Smart motorway cameras 'broken, misted up or facing the wrong way' as grieving families of crash victims call for action

SMART motorway cameras are "broken, fogged-up or facing the wrong way" as grieving families of crash victims demand answers.

Almost half the cameras on the busiest sections of the M25 were failing and staff were unable to check reports of broken-down vehicles, leaving motorists stranded, it has been reported.

It was revealed earlier this year that 53 people had died on smart motorways in the four years leading up to 2019.

Of those deaths, 18 were due to how the roads operate – sparking fury from families who have lost loved ones on the roads.

Niaz Shazad's mum Nargis Begum died after she was hit by a lorry on the M1.

He said: "With people including my own mother being killed on these roads, there needs to be accountability."

Sally Jacobs' husband was killed on a section of the M1 where there was no hard shoulder.

She said: "‘It’s no longer manslaughter it’s murder. They know they’re killing their citizens.

"What are they waiting for? A coachload of children to be killed or something horrific like that?"

Some of the cameras were facing up to the sky – not even focusing on the road.

Others were so fogged up with condensation that the cars were impossible to make out.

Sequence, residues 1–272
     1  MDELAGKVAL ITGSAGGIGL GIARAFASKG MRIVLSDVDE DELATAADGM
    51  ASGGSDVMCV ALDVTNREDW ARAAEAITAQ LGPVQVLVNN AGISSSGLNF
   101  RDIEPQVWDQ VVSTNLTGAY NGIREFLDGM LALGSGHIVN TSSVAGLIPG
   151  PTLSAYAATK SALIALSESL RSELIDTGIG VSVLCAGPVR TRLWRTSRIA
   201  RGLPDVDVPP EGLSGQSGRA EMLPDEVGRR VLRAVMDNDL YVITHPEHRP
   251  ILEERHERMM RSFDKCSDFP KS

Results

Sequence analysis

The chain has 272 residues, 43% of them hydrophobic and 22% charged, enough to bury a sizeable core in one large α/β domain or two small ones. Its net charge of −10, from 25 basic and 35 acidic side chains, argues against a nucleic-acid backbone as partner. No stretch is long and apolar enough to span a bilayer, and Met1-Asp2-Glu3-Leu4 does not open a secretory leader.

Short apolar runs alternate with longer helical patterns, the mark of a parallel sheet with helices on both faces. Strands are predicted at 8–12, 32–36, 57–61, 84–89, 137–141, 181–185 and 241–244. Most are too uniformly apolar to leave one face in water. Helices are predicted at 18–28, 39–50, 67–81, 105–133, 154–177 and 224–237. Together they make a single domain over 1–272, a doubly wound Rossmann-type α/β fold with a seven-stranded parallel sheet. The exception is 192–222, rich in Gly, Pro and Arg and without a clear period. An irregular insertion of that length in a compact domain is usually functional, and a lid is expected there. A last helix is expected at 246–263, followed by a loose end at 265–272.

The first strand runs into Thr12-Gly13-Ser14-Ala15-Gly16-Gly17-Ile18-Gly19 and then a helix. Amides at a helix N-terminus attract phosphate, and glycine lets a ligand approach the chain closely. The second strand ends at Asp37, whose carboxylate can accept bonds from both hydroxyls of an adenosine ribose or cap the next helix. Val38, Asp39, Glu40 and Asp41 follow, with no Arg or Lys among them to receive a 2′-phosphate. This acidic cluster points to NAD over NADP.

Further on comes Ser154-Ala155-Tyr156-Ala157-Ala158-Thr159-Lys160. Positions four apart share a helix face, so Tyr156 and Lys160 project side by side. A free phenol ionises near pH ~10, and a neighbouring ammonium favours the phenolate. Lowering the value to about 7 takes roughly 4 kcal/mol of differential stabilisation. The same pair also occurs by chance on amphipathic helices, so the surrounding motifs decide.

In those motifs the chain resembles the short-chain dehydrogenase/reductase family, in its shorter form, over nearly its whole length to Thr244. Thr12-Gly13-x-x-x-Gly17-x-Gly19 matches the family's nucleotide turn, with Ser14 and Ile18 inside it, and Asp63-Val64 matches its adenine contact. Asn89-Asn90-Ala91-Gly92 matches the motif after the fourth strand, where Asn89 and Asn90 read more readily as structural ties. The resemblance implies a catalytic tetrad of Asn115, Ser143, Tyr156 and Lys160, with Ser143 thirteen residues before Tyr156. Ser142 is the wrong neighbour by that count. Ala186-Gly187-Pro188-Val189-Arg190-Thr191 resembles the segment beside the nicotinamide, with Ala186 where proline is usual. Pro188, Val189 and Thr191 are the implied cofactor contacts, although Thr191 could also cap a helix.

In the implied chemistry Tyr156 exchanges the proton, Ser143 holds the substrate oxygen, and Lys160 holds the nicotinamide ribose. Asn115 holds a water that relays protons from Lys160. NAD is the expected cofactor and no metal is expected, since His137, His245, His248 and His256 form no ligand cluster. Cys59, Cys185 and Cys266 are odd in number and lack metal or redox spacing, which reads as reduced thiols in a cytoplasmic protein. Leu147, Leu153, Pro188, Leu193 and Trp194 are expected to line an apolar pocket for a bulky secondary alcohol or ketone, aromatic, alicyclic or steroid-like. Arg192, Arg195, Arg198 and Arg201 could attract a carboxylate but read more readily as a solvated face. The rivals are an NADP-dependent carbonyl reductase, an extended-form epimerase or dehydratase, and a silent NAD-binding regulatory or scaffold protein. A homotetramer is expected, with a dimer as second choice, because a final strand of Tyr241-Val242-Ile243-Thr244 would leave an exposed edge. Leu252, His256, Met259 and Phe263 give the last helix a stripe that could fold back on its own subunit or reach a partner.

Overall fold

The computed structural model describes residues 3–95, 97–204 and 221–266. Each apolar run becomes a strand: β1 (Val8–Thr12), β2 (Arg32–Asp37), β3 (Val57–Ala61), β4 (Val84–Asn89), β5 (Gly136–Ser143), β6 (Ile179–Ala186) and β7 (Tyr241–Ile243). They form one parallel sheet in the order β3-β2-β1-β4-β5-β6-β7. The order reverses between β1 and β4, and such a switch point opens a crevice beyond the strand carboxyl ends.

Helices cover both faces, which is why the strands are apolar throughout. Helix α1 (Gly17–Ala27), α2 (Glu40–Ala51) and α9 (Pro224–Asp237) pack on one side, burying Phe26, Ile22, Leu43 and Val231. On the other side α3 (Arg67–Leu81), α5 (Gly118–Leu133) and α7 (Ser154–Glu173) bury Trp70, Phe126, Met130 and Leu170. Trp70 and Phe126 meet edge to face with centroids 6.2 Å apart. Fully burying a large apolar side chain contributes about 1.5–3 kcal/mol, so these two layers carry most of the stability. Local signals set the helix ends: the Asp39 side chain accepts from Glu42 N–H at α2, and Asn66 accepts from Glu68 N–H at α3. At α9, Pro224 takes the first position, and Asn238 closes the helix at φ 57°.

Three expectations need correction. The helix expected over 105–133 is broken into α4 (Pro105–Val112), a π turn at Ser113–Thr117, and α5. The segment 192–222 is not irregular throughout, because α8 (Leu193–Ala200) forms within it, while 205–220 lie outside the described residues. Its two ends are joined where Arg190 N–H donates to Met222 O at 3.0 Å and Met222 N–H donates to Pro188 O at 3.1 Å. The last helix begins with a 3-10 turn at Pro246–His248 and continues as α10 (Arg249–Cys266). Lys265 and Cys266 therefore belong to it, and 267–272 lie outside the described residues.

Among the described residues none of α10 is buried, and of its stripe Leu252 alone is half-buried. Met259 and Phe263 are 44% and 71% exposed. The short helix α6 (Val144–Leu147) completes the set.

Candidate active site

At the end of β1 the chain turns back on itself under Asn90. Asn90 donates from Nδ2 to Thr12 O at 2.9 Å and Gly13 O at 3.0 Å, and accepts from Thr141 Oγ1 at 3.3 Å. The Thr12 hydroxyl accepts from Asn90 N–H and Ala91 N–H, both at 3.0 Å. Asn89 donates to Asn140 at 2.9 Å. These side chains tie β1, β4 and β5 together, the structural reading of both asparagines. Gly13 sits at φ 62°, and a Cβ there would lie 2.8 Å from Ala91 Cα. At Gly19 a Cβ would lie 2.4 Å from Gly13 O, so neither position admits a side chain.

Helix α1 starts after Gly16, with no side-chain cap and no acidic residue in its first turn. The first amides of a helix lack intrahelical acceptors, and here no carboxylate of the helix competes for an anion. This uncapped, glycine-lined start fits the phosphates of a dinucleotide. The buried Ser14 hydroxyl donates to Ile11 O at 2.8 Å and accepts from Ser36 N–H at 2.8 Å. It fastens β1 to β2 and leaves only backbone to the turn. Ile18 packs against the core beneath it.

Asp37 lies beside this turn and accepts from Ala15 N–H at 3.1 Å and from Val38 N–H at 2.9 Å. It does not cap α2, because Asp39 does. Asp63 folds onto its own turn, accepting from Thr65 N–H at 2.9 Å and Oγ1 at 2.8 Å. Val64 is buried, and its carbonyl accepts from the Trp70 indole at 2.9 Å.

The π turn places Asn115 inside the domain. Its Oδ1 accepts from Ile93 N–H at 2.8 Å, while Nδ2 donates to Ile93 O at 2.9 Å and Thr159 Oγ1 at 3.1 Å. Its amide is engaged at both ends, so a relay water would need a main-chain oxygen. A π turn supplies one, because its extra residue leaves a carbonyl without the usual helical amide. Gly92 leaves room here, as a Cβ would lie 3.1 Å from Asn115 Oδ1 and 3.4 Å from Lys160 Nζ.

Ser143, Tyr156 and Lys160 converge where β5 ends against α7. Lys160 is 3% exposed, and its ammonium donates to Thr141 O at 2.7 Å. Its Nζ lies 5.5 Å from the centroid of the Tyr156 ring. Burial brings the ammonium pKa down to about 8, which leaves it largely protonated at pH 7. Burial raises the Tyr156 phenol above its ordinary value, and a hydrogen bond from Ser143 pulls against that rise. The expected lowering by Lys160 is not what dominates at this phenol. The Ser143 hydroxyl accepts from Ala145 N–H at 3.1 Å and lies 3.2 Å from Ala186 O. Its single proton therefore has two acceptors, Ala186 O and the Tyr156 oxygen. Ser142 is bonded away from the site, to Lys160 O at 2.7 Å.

Roads minister Mike Penning authorised the expansion of smart motorways in 2010 has called on the Government to act.

Sir Mike said: "The current system isn’t working and it’s just too dangerous."

When he initially gave the project the green light, there were safe stopping points for motorists every 600 metres – however, some are now 2.5 miles apart.

It’s no longer manslaughter it’s murder. They know they’re killing their citizens.

A ministry spokesman said last night: "Road safety is always our top priority.

"We take these claims very seriously and will ensure National Highways conducts a thorough investigation," they added.

As part of an undercover operation, the Daily Mail reported that one worker in a smart motorway control room said: "We've got no signals, you're all going to die. Whichever God you believe in, start praying now."

The control room under investigation was South Mimms in Hertfordshire which looks after sections of smart motorways on the M25, M1 and M4.

It was revealed that operators could not stop traffic if there was a broken-down driver – they are forbidden from closing a lane with a red X sign until it's been signed off by highways staff, police officers, contractors or CCTV cameras.

Four people died in a crash on August 23 between J26 and J27 on the M25 and it was not caught on CCTV.

According to the Daily Mail, one operator said: "It’s annoying when you get an incident and the one camera that may well have caught it and there’s no picture because it’s facing the sky or the ground or the fields.

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